Timber frame homes are characterized by large structural wooden beams visible throughout the interior. Timber-frame construction techniques have been in use for hundreds of years throughout the world, initially brought to North America by European settlers.
The skilled craft of timber framing remained common practice until the early 19th century, at which point both milling and construction methods shifted to machines and mass production. Advances in technology, such as large powered circular saws, enabled mills to quickly produce large quantities of smaller dimensional lumber, which could be more easily transported. In turn, mass produced smaller framing members made it possible to erect a home with only a small team of builders using “stick frame” construction techniques that remain relatively unchanged to this day.
While timber frame construction is still in use, it has evolved from the purely practical construction technique that it once was. Originally, timber framing was primarily structural, however in today’s homes, timber frame construction is also used to showcase the aesthetics of the timber frame substructure, since it remains exposed towards the home’s interior.
Many different tree species can be used for a timber frame, including Douglas fir, Sitka spruce, Eastern white pine, red cedar, oak and Interior Alaska white spruce. The trees are handcrafted or milled into large beams.
In the United States, there are several suppliers who cut custom beams according to a computer-aided design plan sent to them by a builder.
At the building site, the beams are assembled into a structural frame that is fastened together with a combination of carefully fitted interlocking wood joints and wooden pegs and splines. In a traditional timber frame, metal connectors of any kind are seldom used. A completed frame will contain combinations of dozens of types of joinery that make it unique.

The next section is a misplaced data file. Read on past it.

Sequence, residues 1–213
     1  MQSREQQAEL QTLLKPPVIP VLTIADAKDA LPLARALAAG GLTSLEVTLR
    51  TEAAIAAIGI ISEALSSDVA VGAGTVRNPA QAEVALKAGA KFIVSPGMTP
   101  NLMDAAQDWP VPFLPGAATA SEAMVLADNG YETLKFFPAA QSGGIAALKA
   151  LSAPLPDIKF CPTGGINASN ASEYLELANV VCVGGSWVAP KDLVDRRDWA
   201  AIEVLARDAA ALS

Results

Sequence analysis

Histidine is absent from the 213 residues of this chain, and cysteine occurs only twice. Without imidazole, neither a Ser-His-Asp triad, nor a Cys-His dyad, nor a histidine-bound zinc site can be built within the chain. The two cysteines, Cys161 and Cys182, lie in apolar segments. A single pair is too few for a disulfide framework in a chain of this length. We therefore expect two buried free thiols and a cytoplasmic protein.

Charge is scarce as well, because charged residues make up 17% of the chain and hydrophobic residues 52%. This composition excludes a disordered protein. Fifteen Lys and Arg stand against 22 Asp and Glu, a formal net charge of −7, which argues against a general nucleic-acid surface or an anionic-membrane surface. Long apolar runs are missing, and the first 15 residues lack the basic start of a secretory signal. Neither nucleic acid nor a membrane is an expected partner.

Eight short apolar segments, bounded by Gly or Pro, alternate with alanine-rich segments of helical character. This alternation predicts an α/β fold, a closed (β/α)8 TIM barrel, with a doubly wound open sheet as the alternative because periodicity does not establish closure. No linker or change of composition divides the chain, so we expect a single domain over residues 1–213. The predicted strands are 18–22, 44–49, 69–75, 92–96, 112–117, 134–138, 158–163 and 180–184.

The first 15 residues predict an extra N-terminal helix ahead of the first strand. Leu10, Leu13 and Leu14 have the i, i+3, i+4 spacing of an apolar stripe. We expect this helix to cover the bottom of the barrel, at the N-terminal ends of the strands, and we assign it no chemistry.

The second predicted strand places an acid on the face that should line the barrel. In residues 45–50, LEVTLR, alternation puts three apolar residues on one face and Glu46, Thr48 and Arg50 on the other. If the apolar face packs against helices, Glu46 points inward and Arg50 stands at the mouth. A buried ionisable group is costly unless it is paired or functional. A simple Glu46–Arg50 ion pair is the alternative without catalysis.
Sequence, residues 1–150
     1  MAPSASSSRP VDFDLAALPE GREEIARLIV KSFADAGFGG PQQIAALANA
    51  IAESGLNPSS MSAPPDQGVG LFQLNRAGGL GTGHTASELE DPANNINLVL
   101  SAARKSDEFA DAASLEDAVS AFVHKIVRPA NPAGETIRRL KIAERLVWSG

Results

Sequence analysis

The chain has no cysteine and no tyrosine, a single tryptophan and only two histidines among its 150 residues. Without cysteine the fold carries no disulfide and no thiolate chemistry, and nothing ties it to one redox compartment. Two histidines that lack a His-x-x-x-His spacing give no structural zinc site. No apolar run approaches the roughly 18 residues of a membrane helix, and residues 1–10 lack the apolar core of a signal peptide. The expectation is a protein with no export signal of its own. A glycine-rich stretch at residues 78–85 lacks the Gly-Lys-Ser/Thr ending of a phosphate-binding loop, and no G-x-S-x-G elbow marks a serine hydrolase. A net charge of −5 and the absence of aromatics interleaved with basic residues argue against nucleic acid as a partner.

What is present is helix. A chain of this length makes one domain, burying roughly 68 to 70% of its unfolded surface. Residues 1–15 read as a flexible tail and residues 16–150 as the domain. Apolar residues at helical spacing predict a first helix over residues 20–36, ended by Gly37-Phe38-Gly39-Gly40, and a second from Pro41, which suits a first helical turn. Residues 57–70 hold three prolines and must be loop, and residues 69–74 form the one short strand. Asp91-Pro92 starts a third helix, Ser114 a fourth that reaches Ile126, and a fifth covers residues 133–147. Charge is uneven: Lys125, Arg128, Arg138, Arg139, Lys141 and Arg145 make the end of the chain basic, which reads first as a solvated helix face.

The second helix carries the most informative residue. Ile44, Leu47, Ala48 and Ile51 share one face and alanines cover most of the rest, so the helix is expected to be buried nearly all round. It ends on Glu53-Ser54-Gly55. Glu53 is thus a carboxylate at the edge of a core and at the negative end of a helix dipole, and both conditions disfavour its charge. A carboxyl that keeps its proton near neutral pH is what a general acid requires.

For instance, some substructures are built like wooden furniture, where the connecting beams use mortise and tenon joinery, a process through which two beams are cut so that one has a square or rectangle opening (the mortise) into which the other beam (the tenon) fits exactly.
Usually, joints of this type are held together with exposed wedges or pegs and have the additional benefit of great strength. (A similar construction technique, post-and-beam, uses metal braces and bolts to connect beams.)
After the timber frame substructure is erected, it is enclosed, often using structurally insulated panels (SIPS), to complete the home’s envelope. Most timber frames homes have open interior designs to showcase their exposed architecture. Plus, interior walls are not needed for structural purposes.
Timber frame homes come in all sizes, from small cabins to expansive homes. While timber frame construction tends to cost more than traditional stick-frame construction, the extra planning, materials, and labor results in a truly unique and durable home.
Today, timber frame construction fills both a practical and artistic role in the building community by crafting a home that is both a shelter and a work of art.